Finally I got around to putting another update together from my stay here in
I will start telling you a bit about my experiences down here – be they funny, horrible, interesting or maybe even ‘quirky’ (for lack of a better word). As an example of that, have a look at the following photo taken outside of the office of a local medicine man:
Please note that the clinique is "moderne"...
And what about this woman in the background who is selling bugs (the little black things are big, fried larvae) in a jar to cars passing by her village...
Afterwards, I have decided to write some more of my personal ideas as to why
After this we took the girl to a nearby hospital, (oh, I guess I have to add here, that any resemblance to a western-style health establishment was hard to find, except that the doctors wore plastic gloves), where they successfully re-attached the finger and gave the girl the proper inoculations and medicaments, (I off course paid for all of this, to make sure that she would get the proper attention – or get attention at all). We got hold of the girl’s mother, who also arrived.
The whole thing was handled in a calm atmosphere, with no-one blaming us for anything. In fact, the mother was extremely grateful that we had even bothered to stop – much less transport her little girl to hospital… What possibly freaked me out the most was, that the little girl never ushered a word! Not after the accident, not in the car and neither did she cry out when they sowed her finger back on! In fact, the first time that I heard her voice was when her mother called me some days later to tell me, that things were going well with the girl. We have since visited them, and I even have a photo of the little girl:
The girl - called Sarah - with her siblings
The girl - called Sarah - with her siblings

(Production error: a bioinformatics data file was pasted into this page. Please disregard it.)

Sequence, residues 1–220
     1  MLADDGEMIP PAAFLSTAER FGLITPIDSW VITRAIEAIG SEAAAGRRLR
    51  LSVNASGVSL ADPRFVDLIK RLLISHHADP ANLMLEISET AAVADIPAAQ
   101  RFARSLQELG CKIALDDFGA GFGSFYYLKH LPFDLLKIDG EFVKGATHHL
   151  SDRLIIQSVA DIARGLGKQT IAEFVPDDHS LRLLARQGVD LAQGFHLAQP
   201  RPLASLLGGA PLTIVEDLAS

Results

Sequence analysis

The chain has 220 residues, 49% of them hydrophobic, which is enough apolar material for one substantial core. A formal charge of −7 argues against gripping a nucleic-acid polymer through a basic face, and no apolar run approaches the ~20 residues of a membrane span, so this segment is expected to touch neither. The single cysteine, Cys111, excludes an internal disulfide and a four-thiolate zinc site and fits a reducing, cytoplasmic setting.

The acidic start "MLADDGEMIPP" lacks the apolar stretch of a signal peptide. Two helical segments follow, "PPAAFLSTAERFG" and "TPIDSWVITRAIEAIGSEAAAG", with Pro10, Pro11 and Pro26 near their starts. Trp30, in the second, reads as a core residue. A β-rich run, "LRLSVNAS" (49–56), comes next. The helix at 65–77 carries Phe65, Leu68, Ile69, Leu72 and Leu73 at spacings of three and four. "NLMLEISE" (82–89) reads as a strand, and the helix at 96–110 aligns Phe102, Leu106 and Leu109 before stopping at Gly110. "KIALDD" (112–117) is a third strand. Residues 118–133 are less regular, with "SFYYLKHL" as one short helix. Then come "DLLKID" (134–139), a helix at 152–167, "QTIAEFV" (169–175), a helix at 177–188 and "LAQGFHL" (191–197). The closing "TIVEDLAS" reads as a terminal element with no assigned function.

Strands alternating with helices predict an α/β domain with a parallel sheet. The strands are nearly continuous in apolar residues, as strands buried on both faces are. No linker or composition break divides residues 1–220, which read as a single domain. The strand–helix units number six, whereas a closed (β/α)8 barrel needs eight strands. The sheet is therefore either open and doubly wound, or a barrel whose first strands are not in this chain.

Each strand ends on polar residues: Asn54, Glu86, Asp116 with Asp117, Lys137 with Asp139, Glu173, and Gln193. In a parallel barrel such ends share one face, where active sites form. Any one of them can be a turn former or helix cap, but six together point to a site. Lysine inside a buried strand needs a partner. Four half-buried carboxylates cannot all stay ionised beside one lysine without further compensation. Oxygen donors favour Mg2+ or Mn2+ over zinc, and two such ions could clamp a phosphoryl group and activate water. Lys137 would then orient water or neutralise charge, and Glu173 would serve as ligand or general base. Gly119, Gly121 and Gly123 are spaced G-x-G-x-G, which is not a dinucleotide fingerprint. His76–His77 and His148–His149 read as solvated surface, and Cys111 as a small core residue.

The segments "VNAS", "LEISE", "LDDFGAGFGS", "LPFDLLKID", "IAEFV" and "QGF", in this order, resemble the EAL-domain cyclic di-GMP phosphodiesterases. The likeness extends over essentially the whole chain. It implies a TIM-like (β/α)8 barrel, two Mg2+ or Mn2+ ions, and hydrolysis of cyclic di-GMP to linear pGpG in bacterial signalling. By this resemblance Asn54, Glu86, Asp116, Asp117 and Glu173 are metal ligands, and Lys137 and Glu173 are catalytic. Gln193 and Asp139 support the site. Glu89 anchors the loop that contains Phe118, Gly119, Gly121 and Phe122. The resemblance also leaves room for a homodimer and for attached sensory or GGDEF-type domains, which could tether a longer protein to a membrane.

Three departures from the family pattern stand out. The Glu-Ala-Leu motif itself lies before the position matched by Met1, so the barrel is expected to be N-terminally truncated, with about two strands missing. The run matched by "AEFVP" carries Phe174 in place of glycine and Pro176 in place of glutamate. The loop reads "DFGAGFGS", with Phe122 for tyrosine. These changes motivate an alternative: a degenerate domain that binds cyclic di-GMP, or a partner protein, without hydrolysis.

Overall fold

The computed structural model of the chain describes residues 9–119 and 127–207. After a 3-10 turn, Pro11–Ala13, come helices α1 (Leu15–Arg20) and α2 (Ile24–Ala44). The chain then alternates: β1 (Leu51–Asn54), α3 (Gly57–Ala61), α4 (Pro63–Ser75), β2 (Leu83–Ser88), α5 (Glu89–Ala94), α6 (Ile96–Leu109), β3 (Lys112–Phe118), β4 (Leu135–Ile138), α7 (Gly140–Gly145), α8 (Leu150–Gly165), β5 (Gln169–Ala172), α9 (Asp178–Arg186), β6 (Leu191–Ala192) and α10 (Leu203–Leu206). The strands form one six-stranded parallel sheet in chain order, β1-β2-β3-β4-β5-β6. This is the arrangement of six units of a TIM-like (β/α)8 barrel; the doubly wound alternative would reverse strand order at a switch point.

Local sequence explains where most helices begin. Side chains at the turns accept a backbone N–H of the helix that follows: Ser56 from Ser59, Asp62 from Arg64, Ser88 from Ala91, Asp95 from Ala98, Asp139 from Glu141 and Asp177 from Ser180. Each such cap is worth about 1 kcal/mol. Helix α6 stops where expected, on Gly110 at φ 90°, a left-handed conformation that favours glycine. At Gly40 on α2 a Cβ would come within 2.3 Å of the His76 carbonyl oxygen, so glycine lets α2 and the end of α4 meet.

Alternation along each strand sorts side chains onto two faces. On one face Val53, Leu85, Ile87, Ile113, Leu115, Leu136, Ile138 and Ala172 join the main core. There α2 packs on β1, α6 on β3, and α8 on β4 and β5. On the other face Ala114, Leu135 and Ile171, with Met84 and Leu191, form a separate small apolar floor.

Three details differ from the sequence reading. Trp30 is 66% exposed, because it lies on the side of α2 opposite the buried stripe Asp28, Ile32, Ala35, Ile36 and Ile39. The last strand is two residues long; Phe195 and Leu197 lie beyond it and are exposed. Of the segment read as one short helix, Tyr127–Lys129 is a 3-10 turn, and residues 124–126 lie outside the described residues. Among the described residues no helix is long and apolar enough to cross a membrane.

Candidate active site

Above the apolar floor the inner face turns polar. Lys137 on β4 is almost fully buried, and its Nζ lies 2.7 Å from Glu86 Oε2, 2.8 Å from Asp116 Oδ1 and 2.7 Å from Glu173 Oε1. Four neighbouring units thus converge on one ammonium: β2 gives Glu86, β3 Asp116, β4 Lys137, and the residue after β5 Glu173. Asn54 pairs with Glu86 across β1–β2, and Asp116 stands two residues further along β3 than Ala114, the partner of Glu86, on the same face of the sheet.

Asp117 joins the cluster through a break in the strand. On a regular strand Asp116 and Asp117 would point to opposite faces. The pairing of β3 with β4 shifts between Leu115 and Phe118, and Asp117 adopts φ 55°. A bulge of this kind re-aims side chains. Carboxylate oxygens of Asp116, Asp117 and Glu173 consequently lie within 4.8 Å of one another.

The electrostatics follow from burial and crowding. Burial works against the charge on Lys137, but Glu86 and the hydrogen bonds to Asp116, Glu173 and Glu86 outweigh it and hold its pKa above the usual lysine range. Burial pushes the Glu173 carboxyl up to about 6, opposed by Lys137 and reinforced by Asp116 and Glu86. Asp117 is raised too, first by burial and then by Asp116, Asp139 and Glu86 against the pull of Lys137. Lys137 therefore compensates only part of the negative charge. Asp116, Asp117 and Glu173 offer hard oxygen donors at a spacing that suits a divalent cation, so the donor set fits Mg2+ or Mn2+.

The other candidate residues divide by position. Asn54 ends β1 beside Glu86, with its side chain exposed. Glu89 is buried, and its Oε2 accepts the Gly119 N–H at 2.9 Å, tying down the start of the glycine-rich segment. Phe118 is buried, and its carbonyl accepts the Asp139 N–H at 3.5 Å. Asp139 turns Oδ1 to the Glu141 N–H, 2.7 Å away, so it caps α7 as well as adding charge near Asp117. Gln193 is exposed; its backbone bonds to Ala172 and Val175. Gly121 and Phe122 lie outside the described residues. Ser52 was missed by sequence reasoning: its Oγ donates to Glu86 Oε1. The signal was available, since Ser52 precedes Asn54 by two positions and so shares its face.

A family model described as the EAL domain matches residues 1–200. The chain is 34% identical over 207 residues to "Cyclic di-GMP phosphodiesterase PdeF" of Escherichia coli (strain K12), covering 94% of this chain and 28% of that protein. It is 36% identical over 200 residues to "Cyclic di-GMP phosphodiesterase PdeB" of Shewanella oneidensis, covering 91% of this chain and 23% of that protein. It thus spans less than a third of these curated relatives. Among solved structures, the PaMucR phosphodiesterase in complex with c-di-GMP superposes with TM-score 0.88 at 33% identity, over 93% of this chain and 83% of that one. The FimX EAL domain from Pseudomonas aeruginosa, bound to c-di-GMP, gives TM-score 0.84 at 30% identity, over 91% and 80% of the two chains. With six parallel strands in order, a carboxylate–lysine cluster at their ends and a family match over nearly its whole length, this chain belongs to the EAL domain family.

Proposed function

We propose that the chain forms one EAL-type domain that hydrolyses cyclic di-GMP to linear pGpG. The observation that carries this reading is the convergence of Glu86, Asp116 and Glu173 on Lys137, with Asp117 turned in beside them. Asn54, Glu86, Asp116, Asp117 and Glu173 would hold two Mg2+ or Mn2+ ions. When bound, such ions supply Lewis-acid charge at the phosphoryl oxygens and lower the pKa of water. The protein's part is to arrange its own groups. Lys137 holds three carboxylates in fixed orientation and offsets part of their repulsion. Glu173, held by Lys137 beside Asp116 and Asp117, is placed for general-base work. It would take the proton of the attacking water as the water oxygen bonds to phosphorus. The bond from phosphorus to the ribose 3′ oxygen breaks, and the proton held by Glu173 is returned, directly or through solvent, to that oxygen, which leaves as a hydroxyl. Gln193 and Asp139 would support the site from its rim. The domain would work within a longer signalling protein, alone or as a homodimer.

Since this little encounter - where Certain Death for some reason had taken an unscheduled day off - have tried to make a life for myself here in Bobo. People are friendly, things are reasonably quiet and the work is keeping me on my toes for quite a few hours a day. Not much is lost by working late, though, since there really isn’t much to do in the evenings. The only cinema in Bobo closed a few years back, (because the manager forgot to pay for new films and kept all the income from ticket-sales to himself), and it is not like people have been standing in line to show me other great ways to spend an evening in what ‘Lonely Planet’ calls: ‘The most laid-back place of West Africa’. It gets bloody lonely at times, but I guess I’ll survive on a healthy supply of books, DVDs and hours in the hotel gym. The ‘international community’ of Bobo consist mainly of elderly French men with some very young African partners (more about this in later posts), and Anglophones are rarer than precious metals, so it has not been easy finding people one can hang out with in the scarce spare time available. Finding local friends have so far proven next to impossible as well. Men will ask me for money anywhere between the first and fifth sentence they utter, whilst a lot of the young women will offer me sex – and then ask for money. It is so incredibly frustrating to experience, but to be honest, I can’t really say I blame them. The common consensus here is that any white man walking about is either easy prey or a ticket out of one of the poorest countries in the world… Thus, even if I have politely tried to make locals around me understand that I will in no way function as a newfound gold mine, they always come up with an offer of either some “fantastic business opportunity”, a horrible story about a hospitalised relative who urgently needs a lot of money or – a personal favourite of mine – present me with a prescribed list of drugs (incl. prices) needed to avoid dying this very instant - complete with the doctors signature and stamp. Regarding the latter, the biggest problem is that it seems everyone around here has that exact list with the same stamp and signature – all in all amazing that the whole town hasn’t fallen over dead yet…